Dabur India Limited is the fourth largest fast moving consumer goods company
in India
with revenues of $750 million and market capitalisation of $3.5 billion in hair
care, oral care, health care, skin care, home care and foods. Tata Sons is
involved in information technology/communications, engineering, materials,
services, energy, consumer products and chemicals and Reliance Industries
Limited deals with energy and exploration. Each of these family-owned
businesses have started using the trust structure in conjunction with wills and
or the HUF act. A trust in India
is more difficult to challenge that a will and this is attractive to families.

At the same time as the re-emergence of trusts as a solid financial
structure in India,
the government has relaxed its rules on remittance of funds abroad by resident
Indians. Every individual is allowed to remit $200,000 per year, including
minors. This amount is expected to rise to $400,000 in the next year.

As a consequence, high net worth individuals have started to accrue
assets outside India
that are subject to foreign taxes and laws. Working with expert advisors in
those jurisdictions, trust companies should be able to provide estate planning
and wealth management solutions which meet the needs of each client.

This new found Indian desire to look further afield and to diversify
their portfolios by investing in foreign equity and debt has not escaped the
attention of many of the world’s largest banks eager to offer up vehicles and

Here is
where caution should be exercised if some of the more established offshore
jurisdictions are going to stand a chance of seizing the opportunities that India
has to offer. It is no good just to see the potential and dive in without
careful consideration of a number of factors which dictate the way India
does business. This kind of knowledge only comes from years of experience in
the region.

Those who
are keen to take advantage of the India’s burgeoning wealth but have no history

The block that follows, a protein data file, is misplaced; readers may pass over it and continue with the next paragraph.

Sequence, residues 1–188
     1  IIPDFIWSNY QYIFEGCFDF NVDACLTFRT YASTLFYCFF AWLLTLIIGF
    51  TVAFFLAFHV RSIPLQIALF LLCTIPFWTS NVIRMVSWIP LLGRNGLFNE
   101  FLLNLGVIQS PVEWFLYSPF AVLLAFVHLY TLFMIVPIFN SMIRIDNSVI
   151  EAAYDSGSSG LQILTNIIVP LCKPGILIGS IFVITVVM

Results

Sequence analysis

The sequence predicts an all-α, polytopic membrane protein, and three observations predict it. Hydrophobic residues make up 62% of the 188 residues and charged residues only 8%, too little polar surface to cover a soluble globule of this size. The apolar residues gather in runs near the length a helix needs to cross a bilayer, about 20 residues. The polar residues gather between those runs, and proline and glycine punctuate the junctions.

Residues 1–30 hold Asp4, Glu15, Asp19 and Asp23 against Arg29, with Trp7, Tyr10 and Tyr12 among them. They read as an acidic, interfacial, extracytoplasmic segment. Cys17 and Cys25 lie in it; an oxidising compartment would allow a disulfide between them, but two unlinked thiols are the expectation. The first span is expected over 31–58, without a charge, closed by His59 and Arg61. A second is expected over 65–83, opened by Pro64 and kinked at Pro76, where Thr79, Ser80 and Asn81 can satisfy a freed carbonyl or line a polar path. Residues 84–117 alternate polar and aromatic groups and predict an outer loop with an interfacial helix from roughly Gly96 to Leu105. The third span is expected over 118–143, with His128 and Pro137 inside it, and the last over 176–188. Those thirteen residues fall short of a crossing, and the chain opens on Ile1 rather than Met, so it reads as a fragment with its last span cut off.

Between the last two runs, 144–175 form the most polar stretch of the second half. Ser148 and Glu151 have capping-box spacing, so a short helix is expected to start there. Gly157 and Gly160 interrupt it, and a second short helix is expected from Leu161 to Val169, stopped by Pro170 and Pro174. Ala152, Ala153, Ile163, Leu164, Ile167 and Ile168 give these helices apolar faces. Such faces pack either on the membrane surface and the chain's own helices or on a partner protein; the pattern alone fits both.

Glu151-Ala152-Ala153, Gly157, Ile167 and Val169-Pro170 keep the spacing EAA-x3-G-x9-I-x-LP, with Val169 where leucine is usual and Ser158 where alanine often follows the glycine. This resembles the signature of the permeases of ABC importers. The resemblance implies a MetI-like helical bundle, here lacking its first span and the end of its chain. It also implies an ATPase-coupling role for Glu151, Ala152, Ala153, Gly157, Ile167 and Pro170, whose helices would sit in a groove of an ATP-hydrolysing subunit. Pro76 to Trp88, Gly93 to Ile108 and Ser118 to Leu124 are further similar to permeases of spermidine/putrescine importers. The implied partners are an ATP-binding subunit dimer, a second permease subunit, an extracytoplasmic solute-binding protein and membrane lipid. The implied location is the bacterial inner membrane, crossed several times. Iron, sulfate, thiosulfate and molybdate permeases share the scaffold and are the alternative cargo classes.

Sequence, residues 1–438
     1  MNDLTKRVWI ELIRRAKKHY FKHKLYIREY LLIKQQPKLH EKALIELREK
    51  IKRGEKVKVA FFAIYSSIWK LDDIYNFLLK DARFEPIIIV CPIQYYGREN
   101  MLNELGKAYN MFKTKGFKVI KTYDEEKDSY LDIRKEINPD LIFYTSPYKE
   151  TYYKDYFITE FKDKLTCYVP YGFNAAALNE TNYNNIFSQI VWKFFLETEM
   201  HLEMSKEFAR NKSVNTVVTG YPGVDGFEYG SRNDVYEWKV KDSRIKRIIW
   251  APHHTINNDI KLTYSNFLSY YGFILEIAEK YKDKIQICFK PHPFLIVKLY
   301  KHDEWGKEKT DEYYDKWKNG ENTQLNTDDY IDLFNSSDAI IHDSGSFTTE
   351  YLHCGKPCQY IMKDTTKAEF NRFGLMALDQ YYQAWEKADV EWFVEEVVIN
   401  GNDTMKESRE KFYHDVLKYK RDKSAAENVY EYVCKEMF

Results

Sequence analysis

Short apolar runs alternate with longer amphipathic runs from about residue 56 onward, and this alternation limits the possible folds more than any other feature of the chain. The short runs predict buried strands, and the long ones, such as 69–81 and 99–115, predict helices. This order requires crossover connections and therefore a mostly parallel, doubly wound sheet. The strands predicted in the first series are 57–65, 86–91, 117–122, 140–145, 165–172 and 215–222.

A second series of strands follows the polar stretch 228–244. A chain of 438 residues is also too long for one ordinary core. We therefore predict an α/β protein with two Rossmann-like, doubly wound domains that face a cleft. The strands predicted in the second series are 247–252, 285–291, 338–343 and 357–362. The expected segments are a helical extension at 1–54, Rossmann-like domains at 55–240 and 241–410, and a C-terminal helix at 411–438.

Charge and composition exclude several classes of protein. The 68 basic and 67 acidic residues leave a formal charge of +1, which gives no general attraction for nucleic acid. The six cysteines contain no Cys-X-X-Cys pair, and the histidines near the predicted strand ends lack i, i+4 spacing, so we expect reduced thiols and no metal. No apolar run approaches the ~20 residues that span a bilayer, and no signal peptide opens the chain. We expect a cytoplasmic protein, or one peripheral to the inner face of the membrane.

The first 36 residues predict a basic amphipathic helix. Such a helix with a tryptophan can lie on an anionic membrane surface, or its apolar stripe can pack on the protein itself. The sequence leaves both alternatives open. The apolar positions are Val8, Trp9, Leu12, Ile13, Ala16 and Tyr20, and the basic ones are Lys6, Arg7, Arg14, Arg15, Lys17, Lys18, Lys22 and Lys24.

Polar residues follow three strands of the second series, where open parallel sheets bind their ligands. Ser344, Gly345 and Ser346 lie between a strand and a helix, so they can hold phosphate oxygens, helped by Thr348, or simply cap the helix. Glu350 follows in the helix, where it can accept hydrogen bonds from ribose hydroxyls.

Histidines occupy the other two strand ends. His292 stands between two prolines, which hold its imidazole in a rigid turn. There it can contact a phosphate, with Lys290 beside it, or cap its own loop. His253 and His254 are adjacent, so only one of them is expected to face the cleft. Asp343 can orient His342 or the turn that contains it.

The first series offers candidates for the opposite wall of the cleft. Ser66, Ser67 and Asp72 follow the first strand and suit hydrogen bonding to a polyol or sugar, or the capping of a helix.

in the country may run the risk of alienating the very people they want to
court as clients; at the same time risking the firm’s reputation and that of
the jurisdictions they represent.

It is my
experience that the wealthy families and HNWIs in India are happier to smaller,
boutique firms not just the larger corporate institutions. India’s wealthy
are attracted to face to face relationships built on mutual trust over time.
They are very family-oriented and seek out service providers in all fields who
demonstrate a similar focus. They are astute business people but underpinning all
they do is a desire to ensure those they work with treat them with respect and
understand their motivations for business.

The key is
to be able to offer a raft of services to the right families in India who are looking beyond Mauritius. One
way of achieving this is to have a global spread of expertise where the trust
company can provide a range of solutions in a variety of geographies.

One of the
strengths of India’s
economy is a "can do" approach to business. If client solutions are
to achieve the objective of planning to protect future generations, those
wealth management businesses seeking the work need to adhere to the highest
professional standards.